Displays Earthbound's battle backgrounds in your browser
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This project acts as a library to render Earthbound's battle backgrounds. You can render the results in a browser or even on the server.

What is this?

Earthbound, also known as Mother 2 in Japan, is a SNES game released in 1994. This project displays Earthbound's battle backgrounds. In order to render the frames, currently a Canvas 2D context is used. I'd be happy to use a WebGL 2 context once support is more wide-spread.

Is there a demo?

Yes. You can find a full-screen demo here.

  • Use [←] and [→] to change layer 1.
  • Use [↑] and [↓] to change layer 2.

If you edit the URL manually, you can also add/remove layers.

The source code for the demo can be found here.


$ npm i -S earthbound-battle-backgrounds


This code is more or less equivalent to the demo from above, minus the key events.

import { BackgroundLayer, Engine } from "earthbound-battle-backgrounds";
/* Create animation engine  */
const engine = new Engine([new BackgroundLayer(153), new BackgroundLayer(298)], {
	canvas: document.querySelector("#target-canvas");


There are two exports in the package, namely BackgroundLayer and Engine.




Creates a new BackgroundLayer displaying entry.

  • entry: number

    The index of the layer to render. It is bounded by BackgroundLayer.MINIMUM_LAYER and BackgroundLayer.MAXIMUM_LAYER.


constructor(layers, options)


Constructs a new Engine, which can be used to render BackgroundLayers.

  • layers: Array<BackgroundLayer> (default: [])

    The array of BackgroundLayer instances to render.

  • options: object

    An object containing rendering options.

    • options.fps: number (default: 30)

      The framerate to render with.

    • options.aspectRatio: number (default: 0)

      The aspect ratio to render with.

    • options.frameSkip: number (default: 1)

      The engine is time-dependent and uses an internal clock that will be incremented after each frame. This number decides by which constant the clock is incremented.

    • options.alpha: Array<number> (default: Engine.computeAlphas(layers.map(layer => layer.entry)))

      An array that specifies the opacity for each BackgroundLayer in layers. The default is to give each layer the same opacity so that all alphas sum up to 1. Layer 0 is ignored, as it does not display anything.

    • options.canvas: CanvasElement (default: document.querySelector("canvas"))

      The canvas element to render to.

static computeAlphas(entries)


Computes an array of alpha values so that every valid layer gets the same opacity.

  • entries: Array<number>

    An array where every number must be a number must be at least BackgroundLayer.MINIMUM_LAYER, and at most BackgroundLayer.MAXIMUM_LAYER.



Resets the internal engine timer to 0. This will cause all BackgroundLayers to be rendered in their initial state.





Runs the engine. This will cause frames to be drawn on the instance's canvas.



Project maintenance history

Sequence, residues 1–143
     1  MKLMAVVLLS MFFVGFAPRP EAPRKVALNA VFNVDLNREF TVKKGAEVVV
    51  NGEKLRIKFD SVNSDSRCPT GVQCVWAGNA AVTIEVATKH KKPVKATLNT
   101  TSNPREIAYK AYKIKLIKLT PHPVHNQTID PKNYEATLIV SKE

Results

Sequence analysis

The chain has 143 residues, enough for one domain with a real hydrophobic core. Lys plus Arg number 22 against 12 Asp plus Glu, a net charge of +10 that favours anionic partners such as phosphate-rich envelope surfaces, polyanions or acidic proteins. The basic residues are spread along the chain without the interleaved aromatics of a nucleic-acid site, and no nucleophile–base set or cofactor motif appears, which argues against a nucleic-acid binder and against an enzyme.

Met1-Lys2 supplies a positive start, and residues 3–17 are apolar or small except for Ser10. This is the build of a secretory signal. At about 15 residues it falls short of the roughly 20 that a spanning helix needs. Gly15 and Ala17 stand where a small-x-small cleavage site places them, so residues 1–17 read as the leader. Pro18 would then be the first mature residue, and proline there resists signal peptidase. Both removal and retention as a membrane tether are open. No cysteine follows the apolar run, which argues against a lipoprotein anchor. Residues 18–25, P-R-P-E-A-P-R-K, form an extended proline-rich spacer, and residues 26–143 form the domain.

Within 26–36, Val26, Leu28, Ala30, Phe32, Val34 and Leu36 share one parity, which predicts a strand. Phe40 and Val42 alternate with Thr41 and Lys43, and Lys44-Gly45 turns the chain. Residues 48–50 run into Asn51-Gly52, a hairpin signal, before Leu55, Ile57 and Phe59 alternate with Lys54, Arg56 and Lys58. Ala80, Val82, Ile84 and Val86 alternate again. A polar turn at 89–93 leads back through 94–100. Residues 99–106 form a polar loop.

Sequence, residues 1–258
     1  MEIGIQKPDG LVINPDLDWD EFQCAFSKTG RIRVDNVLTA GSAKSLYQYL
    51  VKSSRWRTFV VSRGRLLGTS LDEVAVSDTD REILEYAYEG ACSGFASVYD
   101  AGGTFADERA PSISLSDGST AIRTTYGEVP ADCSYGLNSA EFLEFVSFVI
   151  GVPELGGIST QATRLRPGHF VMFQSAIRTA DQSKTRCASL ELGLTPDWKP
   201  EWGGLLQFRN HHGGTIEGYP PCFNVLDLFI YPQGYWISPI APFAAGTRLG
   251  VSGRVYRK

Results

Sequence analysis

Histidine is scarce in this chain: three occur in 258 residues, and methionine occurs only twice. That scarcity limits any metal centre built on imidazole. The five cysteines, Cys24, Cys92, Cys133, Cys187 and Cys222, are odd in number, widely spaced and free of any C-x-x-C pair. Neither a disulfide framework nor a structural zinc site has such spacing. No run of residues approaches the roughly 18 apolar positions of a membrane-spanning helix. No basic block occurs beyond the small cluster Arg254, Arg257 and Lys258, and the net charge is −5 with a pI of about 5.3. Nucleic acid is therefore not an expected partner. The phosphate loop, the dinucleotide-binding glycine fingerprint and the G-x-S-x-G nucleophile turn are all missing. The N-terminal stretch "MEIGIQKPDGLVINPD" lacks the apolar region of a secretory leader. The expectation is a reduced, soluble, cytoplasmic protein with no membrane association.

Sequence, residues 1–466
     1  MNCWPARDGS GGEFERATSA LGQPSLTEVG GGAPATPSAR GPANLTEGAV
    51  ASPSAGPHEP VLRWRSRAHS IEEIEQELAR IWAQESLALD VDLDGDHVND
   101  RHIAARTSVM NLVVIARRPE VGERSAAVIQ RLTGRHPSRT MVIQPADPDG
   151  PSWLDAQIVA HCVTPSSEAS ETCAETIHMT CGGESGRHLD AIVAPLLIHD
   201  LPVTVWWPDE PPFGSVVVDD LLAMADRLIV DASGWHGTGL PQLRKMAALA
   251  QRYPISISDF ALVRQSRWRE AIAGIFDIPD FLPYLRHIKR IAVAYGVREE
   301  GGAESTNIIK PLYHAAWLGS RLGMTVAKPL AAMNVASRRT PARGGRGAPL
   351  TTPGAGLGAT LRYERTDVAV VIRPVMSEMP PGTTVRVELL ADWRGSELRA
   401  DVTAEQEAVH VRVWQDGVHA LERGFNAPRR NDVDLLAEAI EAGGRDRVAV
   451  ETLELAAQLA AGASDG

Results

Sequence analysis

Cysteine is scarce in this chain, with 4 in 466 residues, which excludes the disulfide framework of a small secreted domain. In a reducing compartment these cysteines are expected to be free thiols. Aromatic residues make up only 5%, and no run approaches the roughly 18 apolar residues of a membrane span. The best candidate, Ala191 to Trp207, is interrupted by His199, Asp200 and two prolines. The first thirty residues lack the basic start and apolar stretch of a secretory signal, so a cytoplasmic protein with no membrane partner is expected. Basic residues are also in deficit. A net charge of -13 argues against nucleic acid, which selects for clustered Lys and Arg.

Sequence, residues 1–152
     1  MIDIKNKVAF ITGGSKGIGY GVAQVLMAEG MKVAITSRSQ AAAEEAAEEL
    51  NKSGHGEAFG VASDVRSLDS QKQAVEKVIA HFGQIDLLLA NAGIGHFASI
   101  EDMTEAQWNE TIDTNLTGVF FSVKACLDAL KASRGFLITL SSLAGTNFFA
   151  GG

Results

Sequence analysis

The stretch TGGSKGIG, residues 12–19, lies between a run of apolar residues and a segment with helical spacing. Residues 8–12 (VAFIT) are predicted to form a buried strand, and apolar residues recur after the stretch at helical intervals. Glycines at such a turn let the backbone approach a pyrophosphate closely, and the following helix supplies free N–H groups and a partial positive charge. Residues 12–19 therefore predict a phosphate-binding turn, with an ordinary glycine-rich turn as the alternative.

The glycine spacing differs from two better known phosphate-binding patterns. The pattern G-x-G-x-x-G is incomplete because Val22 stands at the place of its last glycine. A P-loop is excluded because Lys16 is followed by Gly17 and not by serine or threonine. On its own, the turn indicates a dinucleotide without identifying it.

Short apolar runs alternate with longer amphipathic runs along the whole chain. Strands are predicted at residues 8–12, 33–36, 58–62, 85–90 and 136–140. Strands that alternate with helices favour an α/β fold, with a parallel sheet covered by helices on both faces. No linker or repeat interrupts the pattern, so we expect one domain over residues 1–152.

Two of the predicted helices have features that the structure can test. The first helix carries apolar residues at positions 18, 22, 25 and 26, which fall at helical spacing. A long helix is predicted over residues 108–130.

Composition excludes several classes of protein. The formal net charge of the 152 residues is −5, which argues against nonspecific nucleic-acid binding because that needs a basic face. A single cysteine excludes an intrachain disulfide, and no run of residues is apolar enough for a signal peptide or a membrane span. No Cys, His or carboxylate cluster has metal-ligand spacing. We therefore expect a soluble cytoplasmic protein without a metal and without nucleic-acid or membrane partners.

• In 2008, the code for this project started out on PK Hack as a Windows screensaver, written in C# by Mr. Accident. Mr. Accident's source code has been published here.
  • In 2010, gjtorikian ported Mr. Accident's Windows screensaver from C# to Java to support Android Live screensavers.
  • In 2013, gjtorikian ported his own project from Java to ECMAScript 5 to support all devices with a web browser. He is well aware that his port is terrible (in fact, he even wrote a dedicated section in his README.md, just to reflect that).
  • In 2016, I rewrote the latter in ES2015+ for it to stay maintainable.
  • In 2017, gjtorikian copy-and-pasted my source code into his repository. So even though the two repositories may look very similar, this one will likely be newer judging from past development.

As a rewrite, how does this project differ?

A great portion of the code was essentially re-written. Essentially, this code…

  • …provides a programmatic API instead of a GUI.
  • …can therefore be consumed as a module.
  • …offers a 34% lower memory footprint than the original project when rendering.
  • …offers 15% more idle time.
  • …offers 23% less time spent in computeFrame().
  • …offers an over 100% faster implementation of romGraphics.drawTile().
  • …highly optimizes changing the background layers at runtime; the original version will show a white flash when you're trying to change it. This project doesn't do that.
  • …uses ES2015 or later language standards.
  • …doesn't use RequireJS, but ES2015 modules.
  • …doesn't use functionally-scoped variable declarations (var), but const and let.
  • …uses syntactical ES5 getters and setters instead of getX()- and setX()-style functions (cf. Java).
  • …uses ES2015 classes.
  • …removes UnderscoreJS-inspired functions and uses native ES2015 functions instead.
  • …removes the weird and broken OOP model that had been introduced (registerType etc.).
  • …removes notable comments such as ugghhhhhhhhh.
  • …removes unnecessary brackets that were put everywhere.
  • …removes Node Express.
  • …removes that weird LOG_TAG variable-based logging.
  • …fixes pointer math (no more padding is needed).
  • …fixes minor bugs.